In class today, Sam raised a question about recent advances in neuroscience. Paraphrasing, she asked something like this (Sam please correct me if I am paraphrasing unfairly):

Let’s imagine that the neuroscientists are right, that neuroscience can naturally and materially account for things in the past thought to be purely social phenomena. Let’s posit that some kind of measurable brain activity X (which I’ll call MBAX)  goes off when people are looking at art. So, for example, let’s imagine that 96% of people experience MBAX when looking at a Kandinsky painting, and let’s also imagine that only 12% of people have MBAX when looking at the stones in Hartford (referenced in the Eaton reading). Can we not therefore conclude from that evidence (a) that while Kandinsky’s painting is art, the stones in Hartford are not (or at least are not particularly good art)? And if that is the case, then can we not conclude (b) that there is a scientific “explanation” for aesthetic judgments, because we can account for an observable phenomenon (people’s brains while they look at art) with reference to a law (that art causes the brain to react in way X)?

Now this is a dense and interesting question, and I struggled with it a bit on the spot in class. In fact, it wasn’t easy to paraphrase here. But I have reflected further, and I think I can now articulate my argument a little more clearly.

I would reply that at the heart of Sam’s (hypothetical) argument, there is a circularity. The argument states that MBAX fires off in X% of people when they look at art. Let’s break this argument down into smaller parts, so we can think through it. I’ll start with the fact that Sam is describing a scientific measure. Now, a “measure” is a scientific metric that has been validated, that is, the people who propose the measure must demonstrate that data D is a reasonable measure of phenomenon P. Example: the body-mass index (D) is a reasonable measure of overall physical fitness (P) (actually, that’s controversial, but it’s beside the point for now). To validate a proposed measure, one can create and then replicate experiments in which D really does or does not measure P.

But in order for MBAX to measure a brain activity (D) as an effect of encountering art (P), we must be able to provide evidence of a causal relationship between viewing art and MBAX scores. So, to validate MBAX, we might devise experiments that have subjects look at art, and we measure their brain activity. But how can we do that if we can’t objectively define art to begin with? There is a practical problem here: What will we have them look at during the experiments?

At best, Sam’s proposed hypothetical measure could only measure a correspondence between brain activity (D) and someone’s judgment about what art is (P). But that doesn’t help us solve the problem of what art is! It fails to offer any objective or physical basis for defining art.

Now, it is conceivable that this measure could be validated based on works that there is a strong community consensus are or are not art (e.g., a Kandinsky painting versus a cheap toaster). But if that is the case, all MBAX has done is shown that it is possible to measure a certain form of brain activity as correlating with what a particular community at a particular point in time believes is art. As soon as the artworld and/or the art community changes, then MBAX would become obsolete.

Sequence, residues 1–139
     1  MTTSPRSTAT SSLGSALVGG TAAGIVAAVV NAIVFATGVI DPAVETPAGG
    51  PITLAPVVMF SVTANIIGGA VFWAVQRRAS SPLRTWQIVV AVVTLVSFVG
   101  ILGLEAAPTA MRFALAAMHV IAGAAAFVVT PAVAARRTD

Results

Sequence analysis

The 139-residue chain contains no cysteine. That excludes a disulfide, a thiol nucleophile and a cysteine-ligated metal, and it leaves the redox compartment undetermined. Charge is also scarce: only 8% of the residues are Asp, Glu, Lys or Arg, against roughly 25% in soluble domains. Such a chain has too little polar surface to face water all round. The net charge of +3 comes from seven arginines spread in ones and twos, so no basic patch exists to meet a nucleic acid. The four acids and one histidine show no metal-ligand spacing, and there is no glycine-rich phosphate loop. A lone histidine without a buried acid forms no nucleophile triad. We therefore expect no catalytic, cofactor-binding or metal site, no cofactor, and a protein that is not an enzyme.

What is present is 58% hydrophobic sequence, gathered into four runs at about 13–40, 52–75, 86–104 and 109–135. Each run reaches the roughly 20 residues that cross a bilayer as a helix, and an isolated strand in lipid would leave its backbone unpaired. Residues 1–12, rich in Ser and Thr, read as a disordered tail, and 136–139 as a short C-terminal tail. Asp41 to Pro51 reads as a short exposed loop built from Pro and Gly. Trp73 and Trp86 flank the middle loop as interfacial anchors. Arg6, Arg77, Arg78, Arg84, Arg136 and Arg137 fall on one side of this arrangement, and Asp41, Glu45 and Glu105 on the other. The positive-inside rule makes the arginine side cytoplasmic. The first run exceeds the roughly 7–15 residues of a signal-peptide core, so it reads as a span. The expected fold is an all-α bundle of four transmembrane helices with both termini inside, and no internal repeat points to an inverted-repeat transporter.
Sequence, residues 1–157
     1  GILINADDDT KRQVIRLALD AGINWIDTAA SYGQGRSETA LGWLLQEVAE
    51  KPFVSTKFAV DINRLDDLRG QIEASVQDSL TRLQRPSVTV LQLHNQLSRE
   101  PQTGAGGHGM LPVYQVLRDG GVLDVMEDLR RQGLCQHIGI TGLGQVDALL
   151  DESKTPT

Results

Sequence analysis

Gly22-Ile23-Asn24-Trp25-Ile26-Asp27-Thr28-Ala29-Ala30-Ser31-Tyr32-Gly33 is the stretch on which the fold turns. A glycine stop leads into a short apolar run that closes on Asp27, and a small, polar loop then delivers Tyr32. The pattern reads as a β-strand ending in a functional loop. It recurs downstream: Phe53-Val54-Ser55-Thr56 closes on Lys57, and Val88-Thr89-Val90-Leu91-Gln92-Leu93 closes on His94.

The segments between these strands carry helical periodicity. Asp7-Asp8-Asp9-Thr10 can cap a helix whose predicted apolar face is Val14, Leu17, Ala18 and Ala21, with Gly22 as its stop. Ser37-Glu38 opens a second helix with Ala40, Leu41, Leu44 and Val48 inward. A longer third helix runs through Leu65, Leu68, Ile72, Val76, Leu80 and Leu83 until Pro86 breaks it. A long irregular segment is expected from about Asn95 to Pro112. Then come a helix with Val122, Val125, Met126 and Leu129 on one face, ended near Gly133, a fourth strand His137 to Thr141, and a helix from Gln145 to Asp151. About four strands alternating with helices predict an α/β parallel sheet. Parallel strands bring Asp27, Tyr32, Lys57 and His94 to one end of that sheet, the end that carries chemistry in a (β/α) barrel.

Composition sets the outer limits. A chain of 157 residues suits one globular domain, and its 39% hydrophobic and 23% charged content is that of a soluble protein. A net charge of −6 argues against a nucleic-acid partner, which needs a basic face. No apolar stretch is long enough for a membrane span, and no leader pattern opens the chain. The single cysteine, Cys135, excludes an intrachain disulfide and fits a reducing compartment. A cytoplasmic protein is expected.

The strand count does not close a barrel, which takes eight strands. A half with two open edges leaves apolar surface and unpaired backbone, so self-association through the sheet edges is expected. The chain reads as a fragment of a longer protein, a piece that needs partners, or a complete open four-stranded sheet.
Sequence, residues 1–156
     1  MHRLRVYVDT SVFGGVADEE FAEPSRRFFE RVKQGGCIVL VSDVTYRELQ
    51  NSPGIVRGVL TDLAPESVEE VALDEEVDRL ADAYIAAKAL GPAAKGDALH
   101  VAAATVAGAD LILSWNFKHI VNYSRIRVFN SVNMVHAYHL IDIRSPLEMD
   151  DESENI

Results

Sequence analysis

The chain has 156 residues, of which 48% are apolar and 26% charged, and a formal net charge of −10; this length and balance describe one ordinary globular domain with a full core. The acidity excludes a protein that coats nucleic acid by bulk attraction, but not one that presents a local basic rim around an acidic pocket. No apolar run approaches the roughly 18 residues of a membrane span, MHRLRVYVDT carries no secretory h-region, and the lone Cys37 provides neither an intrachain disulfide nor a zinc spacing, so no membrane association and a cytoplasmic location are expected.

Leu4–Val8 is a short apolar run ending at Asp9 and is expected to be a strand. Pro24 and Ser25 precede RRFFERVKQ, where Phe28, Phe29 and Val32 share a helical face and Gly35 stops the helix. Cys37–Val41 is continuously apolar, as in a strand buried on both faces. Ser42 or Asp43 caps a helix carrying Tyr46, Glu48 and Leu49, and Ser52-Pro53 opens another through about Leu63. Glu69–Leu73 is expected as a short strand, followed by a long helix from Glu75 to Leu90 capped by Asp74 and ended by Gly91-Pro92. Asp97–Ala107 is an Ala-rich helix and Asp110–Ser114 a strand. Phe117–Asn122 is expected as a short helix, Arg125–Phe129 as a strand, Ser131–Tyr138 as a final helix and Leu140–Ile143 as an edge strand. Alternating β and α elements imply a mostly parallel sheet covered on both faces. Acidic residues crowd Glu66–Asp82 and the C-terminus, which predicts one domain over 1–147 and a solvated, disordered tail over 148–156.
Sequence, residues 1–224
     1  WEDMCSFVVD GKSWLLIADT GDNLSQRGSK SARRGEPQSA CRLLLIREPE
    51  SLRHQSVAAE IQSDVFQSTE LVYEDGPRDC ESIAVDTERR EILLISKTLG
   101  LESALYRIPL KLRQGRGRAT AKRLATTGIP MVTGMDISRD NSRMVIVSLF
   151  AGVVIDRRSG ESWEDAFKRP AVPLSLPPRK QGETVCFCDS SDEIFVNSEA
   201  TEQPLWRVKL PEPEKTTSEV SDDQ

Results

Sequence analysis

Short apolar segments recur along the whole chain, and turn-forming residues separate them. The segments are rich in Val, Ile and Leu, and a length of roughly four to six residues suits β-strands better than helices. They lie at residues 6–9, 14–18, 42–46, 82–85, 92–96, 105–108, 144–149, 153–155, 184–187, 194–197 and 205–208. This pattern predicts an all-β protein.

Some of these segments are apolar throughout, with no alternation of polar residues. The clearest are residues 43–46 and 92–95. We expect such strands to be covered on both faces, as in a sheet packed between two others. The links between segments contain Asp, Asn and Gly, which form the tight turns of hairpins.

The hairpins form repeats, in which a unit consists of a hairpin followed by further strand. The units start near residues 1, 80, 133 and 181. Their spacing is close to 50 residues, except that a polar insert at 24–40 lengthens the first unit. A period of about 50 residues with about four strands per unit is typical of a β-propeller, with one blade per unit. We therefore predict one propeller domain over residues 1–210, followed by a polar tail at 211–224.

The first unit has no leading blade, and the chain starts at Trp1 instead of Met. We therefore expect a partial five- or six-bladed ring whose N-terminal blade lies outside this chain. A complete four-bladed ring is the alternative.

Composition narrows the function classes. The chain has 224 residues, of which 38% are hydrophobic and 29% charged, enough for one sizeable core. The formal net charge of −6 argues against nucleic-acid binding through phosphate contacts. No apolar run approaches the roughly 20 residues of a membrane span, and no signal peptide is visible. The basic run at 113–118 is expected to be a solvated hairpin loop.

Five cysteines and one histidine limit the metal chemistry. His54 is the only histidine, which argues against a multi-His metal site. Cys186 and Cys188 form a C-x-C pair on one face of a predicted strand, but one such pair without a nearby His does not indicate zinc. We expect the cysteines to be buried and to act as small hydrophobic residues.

And we know the artworld makes such changes all the time. Duchamp’s art installation, “Fountain,” called into question and helped transform how the community defines and understands art. I suspect that an art student today, studying “Fountain” as an example of Modernism, is likely to have different brain activity than a contemporary of Duchamp would have had. Or, if today this artwork is moved from the main floor of the museum to the men’s room, I am rather confident its corresponding brain activity will change.

Thus, we can reasonably agree that MBAX is measuring something. But there is nothing to justify any scientific claim that what MBAX is measuring is art. It might be measuring, as I have argued, a contemporary consensus view on art, but that doesn’t get us anywhere in terms of offering an “explanation” of why a given work is/is not art. There is no external-to-human basis to make assertions about art, at least not in the same way that there is an external-to-human basis to make claims about tectonic plate movements, the organization and movement of the solar system, and the reason panda “bears” aren’t really bears at all.

Even though Sam’s measure can’t tell us what art is/is not, it doesn’t mean it lacks any value. It might still be useful, e.g., to museum curators, because it may help them understand what some people presently judge to be good art, and that may help them make decisions about what to put on the floor, but the measure doesn’t offer any scientific basis to assert that any given work is/is not art.

Disclaimer: I understand that Sam was not proposing that she subscribes to this position. She was just proposing an argument to see where it would lead. This is a very constructive activity. Sometimes, pursuing strange arguments takes us in worthwhile directions. It is something good cultural critics (and in particular, analytic philosophers) do all the time. So we can, as a class, not confuse a person proposing an argument with a person who really is committed to believing that argument. Thanks, Sam, for raising this!